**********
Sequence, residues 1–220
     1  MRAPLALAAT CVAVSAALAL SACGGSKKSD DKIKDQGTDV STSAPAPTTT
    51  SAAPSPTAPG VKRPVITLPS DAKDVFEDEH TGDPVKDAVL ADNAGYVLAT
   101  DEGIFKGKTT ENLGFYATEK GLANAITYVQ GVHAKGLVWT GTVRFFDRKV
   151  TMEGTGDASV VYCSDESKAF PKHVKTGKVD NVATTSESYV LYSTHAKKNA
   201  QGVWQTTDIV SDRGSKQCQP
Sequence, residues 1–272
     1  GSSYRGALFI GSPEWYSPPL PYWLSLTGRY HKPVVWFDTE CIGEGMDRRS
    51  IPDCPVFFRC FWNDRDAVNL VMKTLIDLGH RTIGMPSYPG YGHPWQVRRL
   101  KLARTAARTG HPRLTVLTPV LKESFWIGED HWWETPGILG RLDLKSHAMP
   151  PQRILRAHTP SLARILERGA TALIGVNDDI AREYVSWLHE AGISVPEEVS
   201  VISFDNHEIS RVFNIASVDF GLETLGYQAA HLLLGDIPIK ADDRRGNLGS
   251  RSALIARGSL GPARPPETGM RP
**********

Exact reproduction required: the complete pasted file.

Sequence, residues 1–220
     1  MRAPLALAAT CVAVSAALAL SACGGSKKSD DKIKDQGTDV STSAPAPTTT
    51  SAAPSPTAPG VKRPVITLPS DAKDVFEDEH TGDPVKDAVL ADNAGYVLAT
   101  DEGIFKGKTT ENLGFYATEK GLANAITYVQ GVHAKGLVWT GTVRFFDRKV
   151  TMEGTGDASV VYCSDESKAF PKHVKTGKVD NVATTSESYV LYSTHAKKNA
   201  QGVWQTTDIV SDRGSKQCQP
Sequence, residues 1–272
     1  GSSYRGALFI GSPEWYSPPL PYWLSLTGRY HKPVVWFDTE CIGEGMDRRS
    51  IPDCPVFFRC FWNDRDAVNL VMKTLIDLGH RTIGMPSYPG YGHPWQVRRL
   101  KLARTAARTG HPRLTVLTPV LKESFWIGED HWWETPGILG RLDLKSHAMP
   151  PQRILRAHTP SLARILERGA TALIGVNDDI AREYVSWLHE AGISVPEEVS
   201  VISFDNHEIS RVFNIASVDF GLETLGYQAA HLLLGDIPIK ADDRRGNLGS
   251  RSALIARGSL GPARPPETGM RP